Bob Gangi has been fighting for social justice for over half a century. Now he's running for Mayor of NYC.
In 2013, only 24% of registered voters in New York City showed up to cast their ballot in the mayoral election, the lowest turnout for a mayoral election in the city in over half a century. Despite the fact that people of color make up a majority of New York City, a plurality of those who voted in the 2013 mayoral election were white. Similarly, though millennials make up a plurality of the electorate, they made up only 11% of voters in the mayoral election.
On November 7, 2017, New York City will again hold a mayoral election. Already, tens of politicians and non-politicians alike have expressed interest in replacing incumbent Bill de Blasio, who is running for a second term after winning 73.15% of the vote four years ago.
But there is one candidate in particular who has made it his goal to engage millennials and people of color in a radically progressive campaign.
That candidate is Bob Gangi, a 73-year-old white man who has never held public office before. And he might just be the person to do it.
Bob, a lifelong resident of New York City, has been fighting for social justice for over half a century. He became active in activism while attending Columbia College in the 1960’s, during the Civil Rights and Anti-Vietnam War movements. At that early age, he made the decision to devote his life to working to achieve equal opportunity and justice for all.
For 29 years, Bob served as Executive Director of the Correctional Association of New York, advocating for a more humane criminal justice system. In 2011, he co-founded the Police Reform Organizing Project (PROP) to combat discriminatory and abusive policing in New York City.
And now, at age 73, Bob is running for Mayor of New York City. “I’m old, although I feel like I’m just getting started,” he said. He started considering a mayoral campaign in 2015, but was moved to action this year through the support of his family, friends, and colleagues. He wants to offer the people of New York City a true progressive alternative to de Blasio, whom he feels betrayed by. “He’s much more a mainstream, calculating politician than he is an honest, fighting progressive.”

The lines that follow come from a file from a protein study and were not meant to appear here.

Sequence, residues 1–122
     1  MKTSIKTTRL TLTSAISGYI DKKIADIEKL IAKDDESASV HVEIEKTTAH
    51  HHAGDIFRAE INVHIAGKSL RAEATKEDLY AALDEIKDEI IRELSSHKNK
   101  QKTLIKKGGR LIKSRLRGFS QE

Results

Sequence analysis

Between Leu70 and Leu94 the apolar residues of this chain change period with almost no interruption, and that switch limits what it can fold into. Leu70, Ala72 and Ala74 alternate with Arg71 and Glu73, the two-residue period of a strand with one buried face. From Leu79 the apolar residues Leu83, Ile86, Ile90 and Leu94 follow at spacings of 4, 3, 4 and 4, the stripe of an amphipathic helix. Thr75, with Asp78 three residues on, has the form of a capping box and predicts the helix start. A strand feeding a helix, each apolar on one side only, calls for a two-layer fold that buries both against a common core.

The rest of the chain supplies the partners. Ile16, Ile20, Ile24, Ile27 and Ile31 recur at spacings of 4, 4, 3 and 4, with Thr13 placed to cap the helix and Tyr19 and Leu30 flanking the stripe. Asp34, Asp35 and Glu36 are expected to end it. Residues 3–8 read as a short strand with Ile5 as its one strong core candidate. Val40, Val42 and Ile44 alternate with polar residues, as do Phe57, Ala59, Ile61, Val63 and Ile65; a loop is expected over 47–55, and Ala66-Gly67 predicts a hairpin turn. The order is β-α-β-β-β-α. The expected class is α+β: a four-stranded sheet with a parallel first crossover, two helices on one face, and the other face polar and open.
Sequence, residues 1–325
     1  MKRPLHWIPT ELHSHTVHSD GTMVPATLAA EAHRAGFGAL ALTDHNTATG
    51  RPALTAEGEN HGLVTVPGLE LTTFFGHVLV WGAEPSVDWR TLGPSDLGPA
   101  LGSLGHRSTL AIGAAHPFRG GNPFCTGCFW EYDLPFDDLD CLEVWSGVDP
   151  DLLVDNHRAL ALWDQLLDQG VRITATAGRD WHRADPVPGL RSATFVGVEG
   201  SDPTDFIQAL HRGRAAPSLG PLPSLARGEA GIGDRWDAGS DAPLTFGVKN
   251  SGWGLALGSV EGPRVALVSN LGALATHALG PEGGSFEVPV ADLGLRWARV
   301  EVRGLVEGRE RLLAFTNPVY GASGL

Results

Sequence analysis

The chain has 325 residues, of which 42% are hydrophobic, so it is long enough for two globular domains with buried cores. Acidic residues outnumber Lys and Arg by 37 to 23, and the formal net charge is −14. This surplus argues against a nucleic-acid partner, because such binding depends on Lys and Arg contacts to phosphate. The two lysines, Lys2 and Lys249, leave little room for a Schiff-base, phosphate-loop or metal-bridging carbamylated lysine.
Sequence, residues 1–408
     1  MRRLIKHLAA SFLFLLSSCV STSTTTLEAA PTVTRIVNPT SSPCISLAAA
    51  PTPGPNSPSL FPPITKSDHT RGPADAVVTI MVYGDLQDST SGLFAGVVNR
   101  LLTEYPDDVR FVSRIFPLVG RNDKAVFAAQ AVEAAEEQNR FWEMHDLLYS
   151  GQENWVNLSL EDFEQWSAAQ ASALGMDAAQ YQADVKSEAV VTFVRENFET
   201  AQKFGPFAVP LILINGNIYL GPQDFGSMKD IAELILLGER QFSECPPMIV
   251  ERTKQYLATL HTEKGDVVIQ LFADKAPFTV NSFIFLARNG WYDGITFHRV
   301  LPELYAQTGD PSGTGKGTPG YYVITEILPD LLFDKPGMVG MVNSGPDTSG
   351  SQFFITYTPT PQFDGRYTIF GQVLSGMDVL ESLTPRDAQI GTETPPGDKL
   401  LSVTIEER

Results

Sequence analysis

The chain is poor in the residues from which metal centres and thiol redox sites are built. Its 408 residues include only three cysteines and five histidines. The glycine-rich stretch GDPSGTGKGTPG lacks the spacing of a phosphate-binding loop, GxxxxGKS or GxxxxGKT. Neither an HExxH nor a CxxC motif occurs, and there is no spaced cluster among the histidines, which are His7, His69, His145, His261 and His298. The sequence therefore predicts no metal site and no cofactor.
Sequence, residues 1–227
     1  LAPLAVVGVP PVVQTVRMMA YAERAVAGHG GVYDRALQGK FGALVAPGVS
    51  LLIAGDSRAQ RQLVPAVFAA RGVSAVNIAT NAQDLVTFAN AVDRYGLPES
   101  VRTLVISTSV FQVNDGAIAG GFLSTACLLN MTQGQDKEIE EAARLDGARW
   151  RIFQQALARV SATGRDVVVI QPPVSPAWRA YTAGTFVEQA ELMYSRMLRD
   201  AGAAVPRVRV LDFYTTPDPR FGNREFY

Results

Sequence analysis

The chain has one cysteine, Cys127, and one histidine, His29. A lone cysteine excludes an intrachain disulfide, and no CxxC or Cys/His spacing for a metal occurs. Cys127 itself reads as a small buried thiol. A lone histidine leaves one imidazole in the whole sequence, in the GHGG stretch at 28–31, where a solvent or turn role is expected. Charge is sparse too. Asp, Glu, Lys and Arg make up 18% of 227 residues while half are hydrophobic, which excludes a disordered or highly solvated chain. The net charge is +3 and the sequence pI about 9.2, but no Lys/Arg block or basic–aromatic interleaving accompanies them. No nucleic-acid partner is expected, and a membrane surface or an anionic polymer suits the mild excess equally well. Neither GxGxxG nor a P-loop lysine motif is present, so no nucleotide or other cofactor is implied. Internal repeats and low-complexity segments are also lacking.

Despite receiving an overwhelming percentage of the PoC vote in 2013, Bob says that de Blasio has failed to wear the progressive mantle he campaigned on. “The thing that hit me the hardest was his support for broken windows policing, which is a blatantly racist and deeply inhumane law enforcement practice.”
Bob’s platform is squarely focused on issues of race and class. The first words you’ll see on his website bemoan America’s broken promises to people of color and poor people. The three issues he lists on his website are police reform, public schools, and affordable housing. “The system is this big, institutional bully.”
The Democratic Party has been increasingly drawn to populist progressivism in the past year, largely due to the surprise grassroots success of Bernie Sanders’ presidential campaign. But Bob makes Bernie look mainstream. “What we’re up to is, in addition to challenging de Blasio and the mainstream politics as usual, we’re in the process of creating an urban agenda… Bernie Sanders’ campaign, for all the good things it did and espoused, didn’t have an urban agenda.”